Steel industry South Africa
The first job losses in the steel industry will come in two waves. The first wave is here, and crisis talks continue between labour, business and government. At least 10 000 people will lose their jobs in the next six months, but 190 000 workers are at risk.
The second wave will come in the next month or so.
The steel industry is near collapse, thanks to a vortex of economic crises, including little protection for the local industry and dumping from China, as well as a slowdown in demand, both domestically and internationally.
Two weeks ago, unions, faced with an onslaught of notices to retrench from steel companies, formed a task team with business to try to save the industry. They met government last week, and a range of interventions was agreed to.
In the short term, all unions can do is try to minimise the damage. That there will be damage is now inevitable.
At least 20 companies are retrenching. Scores more workers are working shorter work weeks.
Many Evraz Highveld Steel workers are currently voting on whether they want to take up a training layoff levy scheme option or retrenchment packages.
ArcelorMittal South Africa temporarily retracted its retrenchment notices to see whether there is an improvement in the next six weeks. More companies are in business rescue.
Steve Nhlapo, head of collective bargaining at the National Union of Metalworkers of South Africa, says that, even after the task team meeting, employers have said it is too late to stop the retrenchments.
“They don’t foresee any changes in the next six months, ” he says.
This week, Nhlapo was visiting Tata Steel plant in Richards Bay. Tata Steel is in business rescue, and Nhlapo was meeting management, business rescue practitioners and workers to assess the situation.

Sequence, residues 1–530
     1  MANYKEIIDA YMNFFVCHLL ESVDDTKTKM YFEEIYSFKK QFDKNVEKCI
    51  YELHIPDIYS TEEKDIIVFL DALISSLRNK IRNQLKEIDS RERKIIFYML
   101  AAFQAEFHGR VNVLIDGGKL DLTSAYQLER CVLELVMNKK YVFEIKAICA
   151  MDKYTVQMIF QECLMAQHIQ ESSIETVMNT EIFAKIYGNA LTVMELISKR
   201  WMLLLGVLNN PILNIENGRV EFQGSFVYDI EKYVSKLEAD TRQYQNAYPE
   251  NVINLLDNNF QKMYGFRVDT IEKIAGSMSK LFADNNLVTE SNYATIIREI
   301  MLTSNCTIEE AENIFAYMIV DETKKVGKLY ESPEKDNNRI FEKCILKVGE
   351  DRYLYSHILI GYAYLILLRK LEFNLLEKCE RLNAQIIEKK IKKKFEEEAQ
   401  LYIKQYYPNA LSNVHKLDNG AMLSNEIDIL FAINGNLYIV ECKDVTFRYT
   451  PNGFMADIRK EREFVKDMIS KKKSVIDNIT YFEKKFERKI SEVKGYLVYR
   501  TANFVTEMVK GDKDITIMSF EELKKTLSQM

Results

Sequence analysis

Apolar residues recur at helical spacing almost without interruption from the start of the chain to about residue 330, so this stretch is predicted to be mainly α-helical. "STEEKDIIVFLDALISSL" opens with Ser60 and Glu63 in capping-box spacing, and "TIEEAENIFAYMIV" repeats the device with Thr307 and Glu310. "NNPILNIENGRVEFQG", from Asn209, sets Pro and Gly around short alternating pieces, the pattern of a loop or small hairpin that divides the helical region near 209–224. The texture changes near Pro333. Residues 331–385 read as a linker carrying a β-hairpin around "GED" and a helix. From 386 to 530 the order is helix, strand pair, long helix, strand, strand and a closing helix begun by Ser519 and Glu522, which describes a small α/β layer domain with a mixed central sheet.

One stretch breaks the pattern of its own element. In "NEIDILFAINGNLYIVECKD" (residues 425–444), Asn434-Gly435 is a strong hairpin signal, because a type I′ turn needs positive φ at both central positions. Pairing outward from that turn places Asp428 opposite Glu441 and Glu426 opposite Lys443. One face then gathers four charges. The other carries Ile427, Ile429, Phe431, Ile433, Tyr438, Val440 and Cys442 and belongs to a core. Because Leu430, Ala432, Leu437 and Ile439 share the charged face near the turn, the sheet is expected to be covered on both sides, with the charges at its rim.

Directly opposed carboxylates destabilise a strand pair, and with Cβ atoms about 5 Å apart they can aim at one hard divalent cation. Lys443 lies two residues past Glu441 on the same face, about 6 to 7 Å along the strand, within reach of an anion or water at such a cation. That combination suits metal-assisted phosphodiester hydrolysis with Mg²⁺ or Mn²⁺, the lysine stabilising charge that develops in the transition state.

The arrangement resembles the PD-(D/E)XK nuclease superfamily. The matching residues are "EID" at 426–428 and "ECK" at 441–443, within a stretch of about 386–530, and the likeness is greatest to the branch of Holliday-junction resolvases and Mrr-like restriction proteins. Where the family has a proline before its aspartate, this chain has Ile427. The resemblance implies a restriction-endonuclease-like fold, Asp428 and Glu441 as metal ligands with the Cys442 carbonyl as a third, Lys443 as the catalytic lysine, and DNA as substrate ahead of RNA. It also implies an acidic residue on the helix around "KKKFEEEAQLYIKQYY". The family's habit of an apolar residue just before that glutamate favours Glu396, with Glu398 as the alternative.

Retrenchments at that plant were not on the table, yet.
Marius Croucamp, metal and engineering head at union Solidarity, says it is hard to promise workers anything.
“Certainly, they would welcome the outcome of the task team but their reality is the retrenchments that are on the go, ” he says.
The task team’s meeting is really about macro-factors, he adds. And, even to that end, government hasn’t really committed to introducing 10% import tariffs.
“They said, if you want tariffs, put in your applications and we’ll see what we can do, ” Croucamp said. “But they said they won’t fast-track the process because they’ll open up themselves to potential litigation.”
Croucamp says the fact that employers agreed to an end to parity pricing shows “they are desperate”.
“We are not just talking about saving jobs here; we are talking about saving an industry.”
Solidarity says it is dealing with retrenchment processes that are already in motion at 26 companies, related to the primary steel industry.
But lurking in the background are 75 companies where workers are working less time or shorter workweeks as demand grows ever slower. Five companies have already started laying off workers who are only called in to work when orders arrive.
The second round of retrenchments will probably start in September. “These are not just companies who want to lower their head counts. This is the closure of entire plants, ” Croucamp said.
Jan Theron, co-ordinator of the labour and enterprise policy research group at the University of Cape Town, says retrenchments are always the most difficult thing to stop.
He says the collapse of the steel industry will also mean the end of government’s industrialisation programme.